Posted originally on the conservative tree house on August 31, 2021 | Sundance | 328 Comments
There have been some recent reports about hospitals, doctors and health officials now refusing to treat U.S. patients with vitamin D, ivermectin, hydroxychloroquine and another effective therapeutics. A recent notation about HHS changing liability waivers under the PREP Act, might provide some insight.
“Enacted in December 2005, the PREP Act authorizes the Secretary of HHS (Secretary) to issue a declaration (called a PREP Act declaration) that provides immunity from tort liability (except for willful misconduct) for claims of loss caused, arising out of, relating to, or resulting from administration or use of countermeasures to diseases, threats and conditions determined by the Secretary to constitute a present, or credible risk of a future public health emergency to entities and individuals involved in the development, manufacture, testing, distribution, administration, and use of such countermeasures.” (link)
A PREP Act declaration is specifically for the purpose of providing immunity from tort liability, and is different from, and not dependent on, other emergency declarations.
A COVID watchdog group recently noted: “It appears that the Prep Act had been amended such that private hospitals and entities were covered in their actions taken with Covid-19 patients and relieved of all liability as long as they were prescribing ‘Covered Countermeasures’. ie. NIH approved medications. This may be why hospitals are refusing to use effective COVID treatments like vitamin D, ivermectin, hydroxychloroquine, etc” (link)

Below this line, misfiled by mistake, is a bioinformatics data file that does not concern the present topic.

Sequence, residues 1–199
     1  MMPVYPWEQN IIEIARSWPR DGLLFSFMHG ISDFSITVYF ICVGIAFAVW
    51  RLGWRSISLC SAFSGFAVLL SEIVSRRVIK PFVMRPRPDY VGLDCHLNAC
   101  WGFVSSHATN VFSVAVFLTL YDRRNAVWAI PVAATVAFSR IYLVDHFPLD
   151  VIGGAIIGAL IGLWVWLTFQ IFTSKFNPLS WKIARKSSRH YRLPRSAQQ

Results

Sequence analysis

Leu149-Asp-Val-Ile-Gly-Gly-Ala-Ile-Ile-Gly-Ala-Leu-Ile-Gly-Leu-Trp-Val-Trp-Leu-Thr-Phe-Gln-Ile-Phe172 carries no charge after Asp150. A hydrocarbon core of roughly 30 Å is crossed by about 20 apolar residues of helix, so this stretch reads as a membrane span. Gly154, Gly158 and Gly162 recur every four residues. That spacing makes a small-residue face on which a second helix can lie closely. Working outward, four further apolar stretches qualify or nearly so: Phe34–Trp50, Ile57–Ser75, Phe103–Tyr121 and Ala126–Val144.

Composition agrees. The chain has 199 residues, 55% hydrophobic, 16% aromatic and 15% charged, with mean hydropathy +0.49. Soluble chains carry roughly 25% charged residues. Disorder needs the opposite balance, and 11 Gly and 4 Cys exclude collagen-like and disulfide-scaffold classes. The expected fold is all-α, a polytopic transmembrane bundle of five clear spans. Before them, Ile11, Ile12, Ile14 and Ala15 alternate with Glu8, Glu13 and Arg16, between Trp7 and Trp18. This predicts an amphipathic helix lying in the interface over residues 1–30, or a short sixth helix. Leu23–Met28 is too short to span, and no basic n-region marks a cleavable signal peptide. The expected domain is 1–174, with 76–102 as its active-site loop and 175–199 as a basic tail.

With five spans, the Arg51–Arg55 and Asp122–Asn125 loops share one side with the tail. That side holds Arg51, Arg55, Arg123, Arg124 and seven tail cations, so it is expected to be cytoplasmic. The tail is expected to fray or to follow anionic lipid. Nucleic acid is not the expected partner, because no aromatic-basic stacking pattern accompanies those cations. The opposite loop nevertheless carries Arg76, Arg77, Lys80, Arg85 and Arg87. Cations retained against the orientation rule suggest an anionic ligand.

Under the HHS Notification, the PREP Act has been modified: “The amended Section VII adds that PREP Act liability protections also extend to Covered Persons for Recommended Activities that are related to any Covered Countermeasure that is:
- licensed, approved, cleared, or authorized by the Food and Drug Administration (FDA) (or that is permitted to be used under an Investigational New Drug Application or an Investigational Device Exemption) under the Federal Food, Drug, and Cosmetic (FD&C) Act or Public Health Service (PHS) Act to treat, diagnose, cure, prevent, mitigate or limit the harm from COVID–19, or the transmission of SARS–CoV–2 or a virus mutating therefrom; (link)
The attachment of a liability or tort waiver to only cover FDA approved therapeutics likely explains a shift amid the medical community to stop patients treatment due to coverage restrictions on their malpractice insurance. Additionally, Big Pharma -the group who controls NIH- wouldn’t make as much money if their mandatory vaccines had a less costly alternative. So there’s that.